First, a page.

Sir Duke, and lots of composer and musician pages (you were right, it was the same Paul Shaffer on Fair Is Fair. In this case, just that he was still a session player and was working with many of the same folks at the same recording studio in that period makes it unlikely it was someone else.)
Note the edit summary I left: "Not a complete list, just of actors who have pages on Muppet Wiki; June Foray doesn't"
It's not a credit list, just a list of people who already have pages because they worked on Muppet projects or Sesame Street etc, who also worked on Gummi Bears. That doesn't apply to June Foray (although I do love her work).
We don't really use one here. There was one ages ago but it wasn't used more than once or twice (we tend to focus our communication on research or the articles and do our socializing elsewhere).
Also, unless it's been a few days, you don't usually need to ask someone if they received your message (we often do other things before heading back to the Wiki screen). Your last message was sent while I was typing my own reply.
Andrew, I couldn't help but notice that a change to my message wall page had been made by you. Yet, I can't seem to find what it is. I don't see anything new on it. Just old messages. Perhaps you'd care to enlighten me?
Nothing to your actual wall. I've been cleaning up old links in archived versions of community and talk pages going to deleted pages (either unlinking or correcting old Sandboxes to the current page) because it throws off the Wanted Pages. If you're really curious, you can see what was changed just by clicking the "diff" option in Recent Changes (or the time stamp from my user contributions).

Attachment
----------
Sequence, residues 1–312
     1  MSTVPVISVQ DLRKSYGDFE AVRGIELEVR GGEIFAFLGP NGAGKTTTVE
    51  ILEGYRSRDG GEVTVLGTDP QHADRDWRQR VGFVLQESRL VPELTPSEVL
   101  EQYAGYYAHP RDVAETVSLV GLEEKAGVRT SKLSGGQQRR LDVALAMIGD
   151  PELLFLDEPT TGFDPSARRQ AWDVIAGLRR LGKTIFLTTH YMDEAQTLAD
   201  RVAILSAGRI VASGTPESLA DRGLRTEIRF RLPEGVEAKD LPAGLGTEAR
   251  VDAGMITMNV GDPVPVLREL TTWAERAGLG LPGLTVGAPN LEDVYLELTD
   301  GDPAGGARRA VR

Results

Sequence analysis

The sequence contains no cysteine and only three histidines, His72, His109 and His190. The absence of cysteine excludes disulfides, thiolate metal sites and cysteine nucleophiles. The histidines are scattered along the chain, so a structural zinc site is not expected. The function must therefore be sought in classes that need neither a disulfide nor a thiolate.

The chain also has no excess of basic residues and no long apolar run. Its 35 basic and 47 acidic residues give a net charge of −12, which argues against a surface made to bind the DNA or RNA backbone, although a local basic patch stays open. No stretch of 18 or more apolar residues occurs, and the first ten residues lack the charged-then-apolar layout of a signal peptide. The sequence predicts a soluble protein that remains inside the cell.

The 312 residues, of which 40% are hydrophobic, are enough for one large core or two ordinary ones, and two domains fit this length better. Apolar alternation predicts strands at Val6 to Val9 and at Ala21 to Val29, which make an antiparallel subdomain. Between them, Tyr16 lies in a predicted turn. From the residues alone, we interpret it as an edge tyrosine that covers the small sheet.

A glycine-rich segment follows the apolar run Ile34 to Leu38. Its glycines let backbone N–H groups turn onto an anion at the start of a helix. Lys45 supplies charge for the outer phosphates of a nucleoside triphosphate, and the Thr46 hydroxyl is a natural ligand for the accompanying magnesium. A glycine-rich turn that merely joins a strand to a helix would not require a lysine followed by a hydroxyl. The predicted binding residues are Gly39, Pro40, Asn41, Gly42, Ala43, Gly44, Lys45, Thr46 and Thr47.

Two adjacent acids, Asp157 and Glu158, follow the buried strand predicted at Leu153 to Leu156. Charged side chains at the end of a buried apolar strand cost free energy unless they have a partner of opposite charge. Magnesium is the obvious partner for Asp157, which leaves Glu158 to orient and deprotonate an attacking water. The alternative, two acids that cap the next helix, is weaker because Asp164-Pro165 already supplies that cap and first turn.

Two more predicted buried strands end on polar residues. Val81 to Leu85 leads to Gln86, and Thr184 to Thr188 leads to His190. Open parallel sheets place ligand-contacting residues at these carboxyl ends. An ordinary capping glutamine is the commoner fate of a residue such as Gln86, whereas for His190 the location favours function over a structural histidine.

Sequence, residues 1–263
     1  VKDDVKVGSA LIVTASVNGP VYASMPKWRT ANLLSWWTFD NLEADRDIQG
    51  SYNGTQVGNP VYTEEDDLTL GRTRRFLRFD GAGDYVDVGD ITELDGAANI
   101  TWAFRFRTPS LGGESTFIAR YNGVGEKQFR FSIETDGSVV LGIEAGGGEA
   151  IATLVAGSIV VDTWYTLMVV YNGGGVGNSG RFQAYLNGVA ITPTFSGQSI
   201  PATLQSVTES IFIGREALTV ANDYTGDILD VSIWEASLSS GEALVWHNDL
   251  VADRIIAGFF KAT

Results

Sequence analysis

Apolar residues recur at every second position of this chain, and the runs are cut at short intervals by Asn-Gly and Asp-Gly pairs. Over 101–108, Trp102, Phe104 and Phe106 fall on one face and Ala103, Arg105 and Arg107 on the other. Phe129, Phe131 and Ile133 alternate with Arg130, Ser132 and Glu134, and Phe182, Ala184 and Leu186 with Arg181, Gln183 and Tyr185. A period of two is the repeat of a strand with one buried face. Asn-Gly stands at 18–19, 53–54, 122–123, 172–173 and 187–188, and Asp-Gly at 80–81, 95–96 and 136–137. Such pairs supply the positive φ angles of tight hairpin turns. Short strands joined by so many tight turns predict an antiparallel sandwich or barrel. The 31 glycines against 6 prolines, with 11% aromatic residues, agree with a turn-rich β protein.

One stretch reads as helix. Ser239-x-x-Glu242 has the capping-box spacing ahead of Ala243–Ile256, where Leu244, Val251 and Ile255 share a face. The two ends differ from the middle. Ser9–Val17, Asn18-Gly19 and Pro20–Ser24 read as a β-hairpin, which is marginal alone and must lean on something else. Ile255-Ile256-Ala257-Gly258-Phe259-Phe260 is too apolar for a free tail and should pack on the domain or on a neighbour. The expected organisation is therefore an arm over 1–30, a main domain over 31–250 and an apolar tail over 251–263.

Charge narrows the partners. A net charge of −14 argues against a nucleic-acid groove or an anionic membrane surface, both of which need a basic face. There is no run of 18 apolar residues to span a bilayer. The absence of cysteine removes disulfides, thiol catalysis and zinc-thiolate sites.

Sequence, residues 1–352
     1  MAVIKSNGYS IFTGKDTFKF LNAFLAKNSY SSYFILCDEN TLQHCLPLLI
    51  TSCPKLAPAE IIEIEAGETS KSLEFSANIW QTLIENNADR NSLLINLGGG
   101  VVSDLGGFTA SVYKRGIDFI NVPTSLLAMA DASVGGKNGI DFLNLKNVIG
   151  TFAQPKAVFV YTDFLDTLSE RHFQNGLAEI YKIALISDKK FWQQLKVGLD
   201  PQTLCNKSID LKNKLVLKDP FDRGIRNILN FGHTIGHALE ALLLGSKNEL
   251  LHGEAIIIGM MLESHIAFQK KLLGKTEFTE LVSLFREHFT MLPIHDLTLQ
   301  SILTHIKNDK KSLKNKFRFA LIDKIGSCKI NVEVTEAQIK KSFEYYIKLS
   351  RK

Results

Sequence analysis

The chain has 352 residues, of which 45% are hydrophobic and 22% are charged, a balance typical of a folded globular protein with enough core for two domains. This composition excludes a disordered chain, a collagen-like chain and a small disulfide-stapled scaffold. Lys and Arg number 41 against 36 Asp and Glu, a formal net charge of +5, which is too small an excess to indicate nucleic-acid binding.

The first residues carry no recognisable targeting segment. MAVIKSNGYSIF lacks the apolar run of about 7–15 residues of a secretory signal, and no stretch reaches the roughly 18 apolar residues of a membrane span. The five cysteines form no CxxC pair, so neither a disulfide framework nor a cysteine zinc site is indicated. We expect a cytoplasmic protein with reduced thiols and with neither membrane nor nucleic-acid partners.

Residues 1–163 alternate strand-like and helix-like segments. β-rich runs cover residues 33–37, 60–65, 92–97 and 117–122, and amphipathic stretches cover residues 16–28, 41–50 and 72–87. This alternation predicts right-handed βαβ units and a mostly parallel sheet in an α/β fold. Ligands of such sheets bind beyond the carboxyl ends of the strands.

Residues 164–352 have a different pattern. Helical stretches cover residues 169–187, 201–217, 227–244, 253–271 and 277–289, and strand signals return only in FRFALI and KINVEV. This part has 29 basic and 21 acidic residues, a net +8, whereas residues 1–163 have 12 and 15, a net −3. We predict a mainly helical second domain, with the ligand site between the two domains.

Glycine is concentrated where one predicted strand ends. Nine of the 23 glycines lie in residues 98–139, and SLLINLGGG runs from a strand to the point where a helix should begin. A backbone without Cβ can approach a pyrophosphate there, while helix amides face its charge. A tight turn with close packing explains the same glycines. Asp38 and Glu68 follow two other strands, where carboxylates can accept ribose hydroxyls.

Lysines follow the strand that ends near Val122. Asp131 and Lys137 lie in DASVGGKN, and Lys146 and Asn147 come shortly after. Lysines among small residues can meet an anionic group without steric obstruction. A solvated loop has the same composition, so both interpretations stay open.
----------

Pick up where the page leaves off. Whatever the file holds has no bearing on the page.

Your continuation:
I put this original version together as a full version the best I could. But I don't want to put in the link in the article unless you say it's okay. I believe Sesame Workshop didn't put this version in the Season 1 list on the Old School: Volume 1 and 40 Years of Sunny Days DVDs because this original version was rare and they practically couldn't find it anywhere for them to put it in these two DVDs.
I just read your warning message you just sent me last night about "Stop asking people for rare videos they don't have." I agreed to it, so I promise you I won't go on anymore about the rare videos on this wiki. And I'm afraid if I keep up with these comments regarding the same problems, I'd be blocked from editing or commenting on this wiki. While I'd rather focus on other things on this wiki, I'd also rather try looking for the rare clips around YouTube figuring it out myself rather than messaging people on this wiki. Sound good to you, Aleal?
Hey, do you have any special tricks that could help find info on Sara Compton? I tried various Google and Google Books searches (their newspaper search doesn't appear to be what it used to be), but couldn't find anything. A birthdate would be nice, but I don't even know if she's still alive (although I couldn't find an obit).
Unfortunately, no. She doesn't seem to have featured in magazine profiles, isn't even mentioned in 40 Years, nothing matching in Newspaperarchive.com (from the limited free search anyway), and she's not in any of the broadcasting periodical databases I use (both too recent and, as a writer for PBS shows, not really what they usually cover). Not having a clue as to, say, what state she was originally from or which school she attended also limits (many university special collection databases and so on are searchable but only within that system, so no Google hits). We may have to try to see who, among the writers and folks she worked with, is still around and can be contacted online.
The only other tidbit, which you probably already found, is that she (or someone with the same name, but I'm fairly certain it's our Sara Compton) wrote or co-wrote a few Choose Your Own Adventure titles. Still, I'll keep checking (some of the library databases may have something).